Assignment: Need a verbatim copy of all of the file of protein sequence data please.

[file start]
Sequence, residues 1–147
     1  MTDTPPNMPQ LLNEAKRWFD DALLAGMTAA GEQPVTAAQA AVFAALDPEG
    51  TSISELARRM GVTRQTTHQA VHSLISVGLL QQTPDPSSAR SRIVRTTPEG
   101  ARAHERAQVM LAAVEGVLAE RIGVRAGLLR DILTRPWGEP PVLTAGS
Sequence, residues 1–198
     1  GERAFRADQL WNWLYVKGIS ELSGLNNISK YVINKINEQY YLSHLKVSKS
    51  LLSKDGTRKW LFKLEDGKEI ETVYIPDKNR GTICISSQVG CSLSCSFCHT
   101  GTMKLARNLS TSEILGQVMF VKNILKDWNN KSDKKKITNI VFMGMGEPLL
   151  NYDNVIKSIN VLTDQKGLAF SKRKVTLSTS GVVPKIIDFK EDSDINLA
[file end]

Sequence, residues 1–147
     1  MTDTPPNMPQ LLNEAKRWFD DALLAGMTAA GEQPVTAAQA AVFAALDPEG
    51  TSISELARRM GVTRQTTHQA VHSLISVGLL QQTPDPSSAR SRIVRTTPEG
   101  ARAHERAQVM LAAVEGVLAE RIGVRAGLLR DILTRPWGEP PVLTAGS
Sequence, residues 1–198
     1  GERAFRADQL WNWLYVKGIS ELSGLNNISK YVINKINEQY YLSHLKVSKS
    51  LLSKDGTRKW LFKLEDGKEI ETVYIPDKNR GTICISSQVG CSLSCSFCHT
   101  GTMKLARNLS TSEILGQVMF VKNILKDWNN KSDKKKITNI VFMGMGEPLL
   151  NYDNVIKSIN VLTDQKGLAF SKRKVTLSTS GVVPKIIDFK EDSDINLA